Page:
by Kara Bell

We saw the tremendous wave of women’s empowerment messages flooding news headlines, social media and even Google’s landing page to recognize International Women’s Day (IWD), but behind the curtain of celebration lurks the memory of an old, deadly red monster.

IWD’s Origin

In 1909, the Socialist Party of America established Women’s Day to advocate for women’s suffrage, better working conditions and the end to capitalism. The Party’s influence was well-received by German Socialist Luise Zietz and communist leader Clara Zetkin who campaigned the divisive socialist promises across Eastern Europe.

Rumors of IWD and its socialist propaganda trickled into Russian factories where its poorest women labored, provoking a rebellion on March 8th later recognized as the Russian Revolution. Political unrest opened the doors for authoritarian leader Vladimir Lenin whose tyrannical political repression, genocide, and ethnic cleansing constructed one of the most oppressive governments in world history.

As victims struggled to survive within the confines of the Soviet Union, the Socialist Party of America and groups alike turned a blind eye to the immediate and long-term consequences of socialist policies – a trend we’re currently seeing between socialist “progressives” like Alexandria Ocasio-Cortez and Bernie Sanders and the failing socialist states of Venezuela, Cuba and Nicaragua.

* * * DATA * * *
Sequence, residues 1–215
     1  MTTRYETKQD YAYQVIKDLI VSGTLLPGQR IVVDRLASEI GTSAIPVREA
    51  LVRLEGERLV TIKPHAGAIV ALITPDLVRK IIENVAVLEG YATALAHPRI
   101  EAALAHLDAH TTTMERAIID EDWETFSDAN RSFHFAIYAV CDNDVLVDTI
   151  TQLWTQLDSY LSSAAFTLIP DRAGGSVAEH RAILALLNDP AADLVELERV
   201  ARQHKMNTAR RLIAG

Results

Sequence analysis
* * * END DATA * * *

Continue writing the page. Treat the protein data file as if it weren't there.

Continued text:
60s Feminists Adopted IWD

IWD grew in popularity in communist countries and was later recognized by the larger communist movement. In 1967, second-wave feminists in the United States attempted to rebirth March 8th as a day of women’s liberation. Influenced by the work of Karl Marx, leaders like Angela Davis used IWD to campaign for the radical restructuring of our capitalist economy into the communist dream, guarding the original goal of the Socialist Party of America.

IWD didn’t start rolling in the United States until eight years later when the UN adopted its resolution to “recognize that securing peace and social progress and the full enjoyment of human rights and fundamental freedoms requires the active participation, equality and development of women.” In 1980, President Jimmy Carter issued the first presidential proclamation declaring the week of March 8th as National Women’s History week – a side step from observing the socialist day.

Today’s Airbrushing of History

Now, March is established each year as Women’s History Month to celebrate the women who have fought for “equality, broken the bonds of discrimination, partiality and injustice for the next generations.” IWD’s history of socialist propaganda is overlooked within the United States, and ironically, now recognizes the achievements women have accomplished within a democratic capitalist economy. But as socialism becomes more popular amongst millennials, we need to remember the memory of the old, deadly red monster that started IWD, and the truth: capitalism has done more for women than socialism ever will.